I’ll stay with this topic because I think that our culture’s fixation and dependency on identity and identification, both as universal tools for subjectivity and as inherently positive values, is increasingly problematic. Whether we’re talking about politics, social relations, or artistic quality criteria, the definition and affirmation of identity is at the core of the process. And we most often talk about it as something natural; presupposing the idea that the identity is rooted in the authenticity of an origin.

But identity is always a construction; nothing in this world is identical to anything. A1 never equals A2, identity and identification always means assimilation and appropriation: the understanding of A1 on the conditions of A2, or vice versa. In one sense, the whole world could be said to be a system of mimetics: a constant repetition of forms, figures, rhythms, relating to each other as resemblances and differences. With the concept of identity—the slight shift from similarity to sameness, driven by the desire operating in the double bind of likeness and difference—mimesis gets inscribed within a hierarchy of assimilation and appropriation, of proper and improper, in a dramaturgy that connects desire and violence familiar from passionate love stories, xenophobia, gender war and colonisation. The true force behind our fear of the foreigner is not that he is alien. It is triggered by the fact that he is similar to ourselves—too similar to not be the same. The similarity de-stabilises the authenticity and cohesive unity of my own identity, blurs its borders and framework. The fear of the foreigner is not the fear of the alien that provokes my repulsion and rejection, it is the anxiety of the uncanny, the thing that resembles me without being me.

Mimesis, the similarity of a double or copy, is an interconnection between proper, im-proper, proper-ty and ap-propriation. The desire for difference connected to the Other and inherent to the dialectics in which identity is produced, is simultaneously the violent force of assimilation. The final product of a society focusing on identity as its main political and aesthetic tool might arguably not be the promised multitude of different subjectivities, but rather the indifference of infinite sameness.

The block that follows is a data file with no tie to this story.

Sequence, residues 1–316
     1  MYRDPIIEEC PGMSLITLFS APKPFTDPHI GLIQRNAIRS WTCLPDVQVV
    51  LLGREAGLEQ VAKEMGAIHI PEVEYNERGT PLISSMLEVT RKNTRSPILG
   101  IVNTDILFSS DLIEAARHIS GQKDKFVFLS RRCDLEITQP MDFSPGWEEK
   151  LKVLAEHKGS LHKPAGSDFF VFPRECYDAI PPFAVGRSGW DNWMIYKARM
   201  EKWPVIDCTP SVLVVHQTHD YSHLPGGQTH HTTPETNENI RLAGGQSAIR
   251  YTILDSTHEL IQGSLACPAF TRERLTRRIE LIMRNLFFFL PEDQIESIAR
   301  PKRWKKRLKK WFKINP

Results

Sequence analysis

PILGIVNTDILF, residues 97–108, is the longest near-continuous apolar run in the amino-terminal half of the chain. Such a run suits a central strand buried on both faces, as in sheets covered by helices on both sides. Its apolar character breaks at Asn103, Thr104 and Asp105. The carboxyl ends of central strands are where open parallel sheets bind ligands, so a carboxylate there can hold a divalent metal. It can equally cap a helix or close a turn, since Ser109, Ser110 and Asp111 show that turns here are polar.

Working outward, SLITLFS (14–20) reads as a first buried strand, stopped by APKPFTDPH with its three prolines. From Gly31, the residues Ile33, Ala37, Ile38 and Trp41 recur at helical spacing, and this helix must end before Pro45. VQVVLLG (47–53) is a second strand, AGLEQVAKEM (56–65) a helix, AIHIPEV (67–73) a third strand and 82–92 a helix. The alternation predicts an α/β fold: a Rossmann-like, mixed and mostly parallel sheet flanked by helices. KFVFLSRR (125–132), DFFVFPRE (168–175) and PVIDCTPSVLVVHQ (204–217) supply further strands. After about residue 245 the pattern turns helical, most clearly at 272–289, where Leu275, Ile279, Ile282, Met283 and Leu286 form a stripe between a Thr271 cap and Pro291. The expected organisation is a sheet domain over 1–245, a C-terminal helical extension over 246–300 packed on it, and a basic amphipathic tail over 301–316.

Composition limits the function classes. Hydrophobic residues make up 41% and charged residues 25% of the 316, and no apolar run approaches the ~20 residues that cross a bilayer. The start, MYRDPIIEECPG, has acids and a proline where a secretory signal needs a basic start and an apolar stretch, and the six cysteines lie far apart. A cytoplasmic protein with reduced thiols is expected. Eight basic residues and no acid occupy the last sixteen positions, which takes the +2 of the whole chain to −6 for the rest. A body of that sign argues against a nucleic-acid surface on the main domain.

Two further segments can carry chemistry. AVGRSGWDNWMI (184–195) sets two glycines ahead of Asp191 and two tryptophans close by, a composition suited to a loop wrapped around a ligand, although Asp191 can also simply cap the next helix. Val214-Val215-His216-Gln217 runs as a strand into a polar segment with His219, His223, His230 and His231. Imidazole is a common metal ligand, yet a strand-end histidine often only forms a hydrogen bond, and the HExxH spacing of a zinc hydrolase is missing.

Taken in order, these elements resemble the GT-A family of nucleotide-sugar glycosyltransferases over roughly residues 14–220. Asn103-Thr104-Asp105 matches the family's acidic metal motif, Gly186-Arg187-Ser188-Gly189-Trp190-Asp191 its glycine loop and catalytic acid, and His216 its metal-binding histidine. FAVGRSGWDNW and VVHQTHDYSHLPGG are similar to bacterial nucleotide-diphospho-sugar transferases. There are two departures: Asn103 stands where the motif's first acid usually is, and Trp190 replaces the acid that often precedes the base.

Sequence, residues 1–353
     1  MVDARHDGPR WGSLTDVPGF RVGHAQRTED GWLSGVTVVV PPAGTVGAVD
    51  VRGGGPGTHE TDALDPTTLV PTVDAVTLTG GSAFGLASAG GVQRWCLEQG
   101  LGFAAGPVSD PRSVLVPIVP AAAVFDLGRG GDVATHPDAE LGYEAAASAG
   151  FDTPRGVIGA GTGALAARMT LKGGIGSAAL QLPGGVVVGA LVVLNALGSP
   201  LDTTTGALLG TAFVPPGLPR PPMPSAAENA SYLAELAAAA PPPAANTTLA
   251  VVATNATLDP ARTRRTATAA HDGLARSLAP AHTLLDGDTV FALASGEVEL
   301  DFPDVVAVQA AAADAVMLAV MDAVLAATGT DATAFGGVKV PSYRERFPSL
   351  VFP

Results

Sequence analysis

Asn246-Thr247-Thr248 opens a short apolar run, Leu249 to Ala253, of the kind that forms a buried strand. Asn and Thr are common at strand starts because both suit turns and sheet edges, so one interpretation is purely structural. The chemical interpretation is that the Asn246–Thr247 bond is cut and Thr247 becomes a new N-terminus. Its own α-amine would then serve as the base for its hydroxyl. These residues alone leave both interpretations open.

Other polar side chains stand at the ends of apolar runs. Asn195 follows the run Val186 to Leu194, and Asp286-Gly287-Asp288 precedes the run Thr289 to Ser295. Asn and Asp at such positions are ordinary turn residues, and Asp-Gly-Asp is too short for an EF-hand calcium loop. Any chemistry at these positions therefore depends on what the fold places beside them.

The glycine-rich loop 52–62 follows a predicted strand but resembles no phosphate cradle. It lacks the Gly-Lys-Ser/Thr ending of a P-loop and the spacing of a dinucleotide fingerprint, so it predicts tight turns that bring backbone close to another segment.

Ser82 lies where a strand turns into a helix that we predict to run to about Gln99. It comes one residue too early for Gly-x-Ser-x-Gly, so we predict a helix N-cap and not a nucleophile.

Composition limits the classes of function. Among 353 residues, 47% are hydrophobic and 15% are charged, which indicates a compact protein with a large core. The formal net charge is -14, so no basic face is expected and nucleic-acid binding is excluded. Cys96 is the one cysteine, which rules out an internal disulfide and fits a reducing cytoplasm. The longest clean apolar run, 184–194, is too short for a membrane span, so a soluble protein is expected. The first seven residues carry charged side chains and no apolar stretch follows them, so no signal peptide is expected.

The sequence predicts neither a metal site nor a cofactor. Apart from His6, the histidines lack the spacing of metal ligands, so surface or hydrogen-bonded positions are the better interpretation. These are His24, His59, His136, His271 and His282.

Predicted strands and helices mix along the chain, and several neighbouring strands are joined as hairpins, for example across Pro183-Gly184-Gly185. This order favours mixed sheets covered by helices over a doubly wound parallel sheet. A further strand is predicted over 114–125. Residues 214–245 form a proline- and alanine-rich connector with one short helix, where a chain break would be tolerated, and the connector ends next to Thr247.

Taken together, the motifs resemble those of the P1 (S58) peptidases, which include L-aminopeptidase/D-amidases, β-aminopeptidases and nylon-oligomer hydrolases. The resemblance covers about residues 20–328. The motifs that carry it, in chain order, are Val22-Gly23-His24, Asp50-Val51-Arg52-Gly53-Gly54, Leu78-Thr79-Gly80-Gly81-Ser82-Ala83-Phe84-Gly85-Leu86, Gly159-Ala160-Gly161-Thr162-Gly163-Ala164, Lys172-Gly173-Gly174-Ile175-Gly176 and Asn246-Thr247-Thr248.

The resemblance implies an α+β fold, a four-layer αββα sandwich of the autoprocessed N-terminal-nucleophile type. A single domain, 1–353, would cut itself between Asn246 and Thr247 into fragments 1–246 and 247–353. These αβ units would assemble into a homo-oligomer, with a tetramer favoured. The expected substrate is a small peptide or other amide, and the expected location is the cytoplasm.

In Typography, Philippe Lacoue-Labarthe writes a fascinating and sometimes jungly journey through a landscape that could be described as a genealogy of western hermeneutics. It is a cultural archeology circling around a number of linguistic and ontological concepts, a minutious and puzzling patchwork, wherein Lacoue-Labarthe simultaneously de-attaches and reconstructs a structural legacy of thought, from Plato via Heidegger, in which notions like Figure, Gestalt, Seeing, Idea, and Knowledge interact in endless, entwined feedback loops.

I find the complexity of Lacoue-Labarthe’s approach to the notions mimesis and fiction very interesting in relation to performative practices. It complicates the critical reflection on representation and signification, and reveals to what extent my earlier critique of mimesis and fiction as inherently negative phenomena was embedded in a paradigmatic dualism inherited from Plato, which understands the world thorugh a narrative of hierarchical oppositions like original/copy, reality/fiction, proper/improper, true/false. This perspective of the world, emanating from Plato’s idealism, has in its centre a hierarchical relation between the copy and original, where the double only is validated in its relation to the original—to the “truth.”